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Australia: Goatmeat put to the taste test

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Consumer taste-testing of farmed Australian goatmeat has demonstrated a high acceptance of the protein among consumers, flagging the potential to grow a domestic market for premium goatmeat. The consumer sensory sessions were undertaken as part of a research project led by Dr Jarrod Lees at the University of New England (UNE).

Posted on Sep 09 ,04:12

Australia: Goatmeat put to the taste test

Dr Lees won the Meat & Livestock Australia (MLA) Award in the 2021 Science and Innovation Awards for Young People in Agriculture, Fisheries and Forestry, and used his award to investigate whether farmed, high quality goatmeat can be differentiated by consumers as effectively as beef and lamb.

“The Australian goatmeat industry slaughtered 1.54 million goats in 2019, valued at over $182 million, totalling 22,381 tonnes carcase weight with more than 95% exported,” Dr Lees said.

“Domestic consumption of goatmeat is very low and MLA research has shown the top three barriers to purchasing goatmeat for Australian consumers are familiarity, availability and not knowing how to cook it. However, with record prices offered for slaughter and breeding goats, there is an opportunity to develop and market high quality goatmeat to domestic consumers.

“To address the issue of familiarity and cooking style, the study presented goatmeat in a way that is familiar to an Australian consumer,” Dr Lees said.

Dr Lees undertook the research at UNE utilising 12 Boer goat wether carcases weighing 23–24kg, procured from a commercial partner and processed at a domestic abattoir in Western NSW.

Carcases were boned out at UNE Meat Science into eating quality samples, using cuts presented similarly to lamb including the loin, rack, rump, shoulder, leg, shank and knuckle.

Consumer sensory sessions were conducted in Armidale and Port Macquarie with a total of 180 random consumers split into three groups to evaluate the eating quality and acceptability of goatmeat served as grilled, roasted and slow cooked samples.

The Meat Standards Australia (MSA) consumer taste-testing methods that have been used for close to 25 years to elevate the eating experience of beef and lamb were used, along with the same MSA measurements utilised in processing.

Each cook method was modelled against known drivers of eating quality including cut, carcase weight, shear force (objective measure for tenderness), and intramuscular fat (IMF%) percentage.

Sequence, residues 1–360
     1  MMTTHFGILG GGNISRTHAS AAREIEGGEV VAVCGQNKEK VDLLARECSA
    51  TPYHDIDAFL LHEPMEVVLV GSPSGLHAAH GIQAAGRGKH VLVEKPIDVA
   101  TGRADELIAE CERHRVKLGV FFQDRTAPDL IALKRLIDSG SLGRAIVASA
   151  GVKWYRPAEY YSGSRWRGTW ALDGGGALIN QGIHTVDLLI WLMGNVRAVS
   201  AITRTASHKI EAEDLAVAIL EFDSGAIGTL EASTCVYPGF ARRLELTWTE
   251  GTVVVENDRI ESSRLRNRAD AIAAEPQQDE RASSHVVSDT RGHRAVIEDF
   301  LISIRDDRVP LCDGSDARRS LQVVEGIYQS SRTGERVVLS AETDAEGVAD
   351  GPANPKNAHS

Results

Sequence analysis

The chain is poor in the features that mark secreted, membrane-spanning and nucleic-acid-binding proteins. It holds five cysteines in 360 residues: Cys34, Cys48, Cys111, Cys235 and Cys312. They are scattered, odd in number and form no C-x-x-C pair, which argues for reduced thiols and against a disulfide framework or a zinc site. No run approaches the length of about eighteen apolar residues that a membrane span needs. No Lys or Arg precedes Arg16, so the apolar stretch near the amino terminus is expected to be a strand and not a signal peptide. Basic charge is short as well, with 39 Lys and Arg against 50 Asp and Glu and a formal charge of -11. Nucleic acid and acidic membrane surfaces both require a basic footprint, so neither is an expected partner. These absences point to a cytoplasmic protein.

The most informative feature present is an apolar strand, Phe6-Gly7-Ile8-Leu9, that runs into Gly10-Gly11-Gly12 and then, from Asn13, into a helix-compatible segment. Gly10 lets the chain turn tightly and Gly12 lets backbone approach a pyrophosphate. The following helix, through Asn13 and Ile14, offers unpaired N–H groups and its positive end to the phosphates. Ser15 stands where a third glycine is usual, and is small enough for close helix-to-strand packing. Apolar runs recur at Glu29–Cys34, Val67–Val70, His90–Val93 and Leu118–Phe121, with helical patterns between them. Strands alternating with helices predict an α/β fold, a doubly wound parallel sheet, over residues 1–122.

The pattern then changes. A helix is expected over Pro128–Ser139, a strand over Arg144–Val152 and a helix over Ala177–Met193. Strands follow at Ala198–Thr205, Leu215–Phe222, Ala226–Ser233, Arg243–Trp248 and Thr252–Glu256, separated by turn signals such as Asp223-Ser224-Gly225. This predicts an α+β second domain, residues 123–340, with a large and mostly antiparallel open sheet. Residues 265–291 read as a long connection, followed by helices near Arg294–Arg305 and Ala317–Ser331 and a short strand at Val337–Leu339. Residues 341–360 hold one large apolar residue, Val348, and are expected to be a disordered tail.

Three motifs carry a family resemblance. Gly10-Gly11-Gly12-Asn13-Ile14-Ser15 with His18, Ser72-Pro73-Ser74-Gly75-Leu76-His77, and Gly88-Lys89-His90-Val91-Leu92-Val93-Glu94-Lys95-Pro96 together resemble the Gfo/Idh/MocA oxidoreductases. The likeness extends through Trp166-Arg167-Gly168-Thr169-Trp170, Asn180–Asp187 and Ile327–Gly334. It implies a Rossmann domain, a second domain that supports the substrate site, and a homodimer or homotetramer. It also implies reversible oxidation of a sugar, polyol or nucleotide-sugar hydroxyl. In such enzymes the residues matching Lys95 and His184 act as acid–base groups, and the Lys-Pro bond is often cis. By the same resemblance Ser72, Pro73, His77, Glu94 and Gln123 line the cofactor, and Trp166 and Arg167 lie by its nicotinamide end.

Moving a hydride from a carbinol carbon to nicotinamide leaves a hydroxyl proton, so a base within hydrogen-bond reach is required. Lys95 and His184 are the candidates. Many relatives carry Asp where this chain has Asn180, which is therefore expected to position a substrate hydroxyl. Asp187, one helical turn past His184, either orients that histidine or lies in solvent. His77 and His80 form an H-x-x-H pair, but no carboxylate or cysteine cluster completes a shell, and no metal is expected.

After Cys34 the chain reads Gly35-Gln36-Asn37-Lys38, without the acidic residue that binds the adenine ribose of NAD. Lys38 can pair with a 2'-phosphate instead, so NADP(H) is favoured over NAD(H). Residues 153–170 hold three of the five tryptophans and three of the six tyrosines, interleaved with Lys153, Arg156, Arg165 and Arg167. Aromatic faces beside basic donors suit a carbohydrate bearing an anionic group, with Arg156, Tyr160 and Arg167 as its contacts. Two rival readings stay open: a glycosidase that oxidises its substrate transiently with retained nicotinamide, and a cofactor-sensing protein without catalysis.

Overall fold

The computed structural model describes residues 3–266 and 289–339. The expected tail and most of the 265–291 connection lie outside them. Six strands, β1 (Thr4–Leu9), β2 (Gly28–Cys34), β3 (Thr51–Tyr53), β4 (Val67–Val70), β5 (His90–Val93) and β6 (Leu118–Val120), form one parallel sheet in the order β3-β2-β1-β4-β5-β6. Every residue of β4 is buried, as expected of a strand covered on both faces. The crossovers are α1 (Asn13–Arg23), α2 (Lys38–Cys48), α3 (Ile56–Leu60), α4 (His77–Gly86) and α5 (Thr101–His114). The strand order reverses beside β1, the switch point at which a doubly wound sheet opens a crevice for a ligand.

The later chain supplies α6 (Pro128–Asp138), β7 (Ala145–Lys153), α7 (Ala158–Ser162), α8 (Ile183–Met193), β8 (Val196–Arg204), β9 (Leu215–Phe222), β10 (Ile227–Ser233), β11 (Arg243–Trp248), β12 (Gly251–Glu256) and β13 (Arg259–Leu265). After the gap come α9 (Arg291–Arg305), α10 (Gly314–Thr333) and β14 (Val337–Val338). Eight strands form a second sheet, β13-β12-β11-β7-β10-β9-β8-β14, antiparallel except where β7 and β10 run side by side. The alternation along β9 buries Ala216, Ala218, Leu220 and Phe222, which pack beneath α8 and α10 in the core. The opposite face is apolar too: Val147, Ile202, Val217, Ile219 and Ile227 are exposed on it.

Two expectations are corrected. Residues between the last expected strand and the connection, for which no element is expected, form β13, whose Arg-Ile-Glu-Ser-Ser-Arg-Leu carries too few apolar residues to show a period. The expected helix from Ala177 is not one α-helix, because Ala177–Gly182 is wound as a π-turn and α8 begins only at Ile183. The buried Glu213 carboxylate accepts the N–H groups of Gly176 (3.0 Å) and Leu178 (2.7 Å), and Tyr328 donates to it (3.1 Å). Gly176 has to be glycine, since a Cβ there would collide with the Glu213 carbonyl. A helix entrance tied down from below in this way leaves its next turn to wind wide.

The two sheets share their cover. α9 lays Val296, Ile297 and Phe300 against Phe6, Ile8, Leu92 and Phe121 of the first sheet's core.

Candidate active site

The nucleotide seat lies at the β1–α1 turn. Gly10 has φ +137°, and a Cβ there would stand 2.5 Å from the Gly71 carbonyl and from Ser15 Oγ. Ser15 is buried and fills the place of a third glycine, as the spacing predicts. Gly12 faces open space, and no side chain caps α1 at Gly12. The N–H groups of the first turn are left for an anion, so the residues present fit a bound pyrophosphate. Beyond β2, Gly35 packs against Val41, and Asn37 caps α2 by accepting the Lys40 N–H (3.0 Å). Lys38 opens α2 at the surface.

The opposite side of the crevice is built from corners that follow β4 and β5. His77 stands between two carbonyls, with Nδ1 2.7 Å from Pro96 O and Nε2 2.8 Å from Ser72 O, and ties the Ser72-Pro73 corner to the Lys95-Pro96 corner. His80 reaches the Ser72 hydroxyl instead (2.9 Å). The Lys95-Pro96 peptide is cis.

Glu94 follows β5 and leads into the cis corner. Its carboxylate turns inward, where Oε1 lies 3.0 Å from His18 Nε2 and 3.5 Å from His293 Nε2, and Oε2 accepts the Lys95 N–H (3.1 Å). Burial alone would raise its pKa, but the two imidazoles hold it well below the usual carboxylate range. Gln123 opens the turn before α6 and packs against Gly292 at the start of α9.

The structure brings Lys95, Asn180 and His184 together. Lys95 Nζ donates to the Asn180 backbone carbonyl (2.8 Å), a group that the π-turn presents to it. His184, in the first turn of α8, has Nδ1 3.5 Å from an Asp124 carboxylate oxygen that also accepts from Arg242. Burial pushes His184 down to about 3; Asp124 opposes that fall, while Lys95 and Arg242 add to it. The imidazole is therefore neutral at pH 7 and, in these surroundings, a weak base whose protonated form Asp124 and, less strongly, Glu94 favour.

Sensory samples were scored for tenderness, juiciness, flavour and overall liking.

Dr Lees said results not only demonstrated consumer acceptance of goatmeat but also their willingness to pay in a domestic setting.

“The consumers that participated in the sensory testing sessions scored goatmeat on average over 50 points, which is considered good everyday product. Consumers scored some samples as better than every day and premium,” Dr Lees said.

“This provides a positive outlook on goatmeat and informs the Australian goatmeat industry that there are domestic consumers who are willing to try goatmeat and believe that it is of an acceptable eating quality.

“Furthermore, with an average willingness to pay $18/kg for good everyday meat, and $32/kg for premium quality, there is a sure market for goatmeat domestically in Australia,” Dr Lees said.

Dr Lees said while the results were positive for the industry, they demonstrated the need to manage processing factors that impact eating quality, and for more cut-by-cook research for goatmeat.

“Many of the carcases were chilled too quickly post-mortem, leading to a condition called cold shortening, which drastically increases the toughness of meat due to shortening of muscle fibres increasing connective density,” Dr Lees said.

“Observing this shows that there is a need to control post slaughter factors that may impact on goatmeat eating quality and domestic consumer acceptance of goatmeat just like we had to do in lamb some 20 years ago.

“One definitive outcome of this work has been that the management of carcases from slaughter through chilling is paramount to ensuring there is no impact of post-slaughter processes on eating quality.

“The large variation in shear force, which on average was higher than that reported in lamb, was similar to those recorded in the early days of the MSA sheepmeat research.

“There was good variation in IMF% in the 12 carcases that were tested. This outcome shows that there is excellent genetic variation within goats, providing this industry with the ability to make genetic change relatively quickly if those with favourable genes can be identified.

“The incorporation of these traits into the KIDPLAN genetic evaluation tool would allow producers to drive genetic progress for these traits whilst balancing other production factors in the same way the beef and sheepmeat industry have. Data capture would be a key enabler of the development of genetic selection tools,” Dr Lees said.

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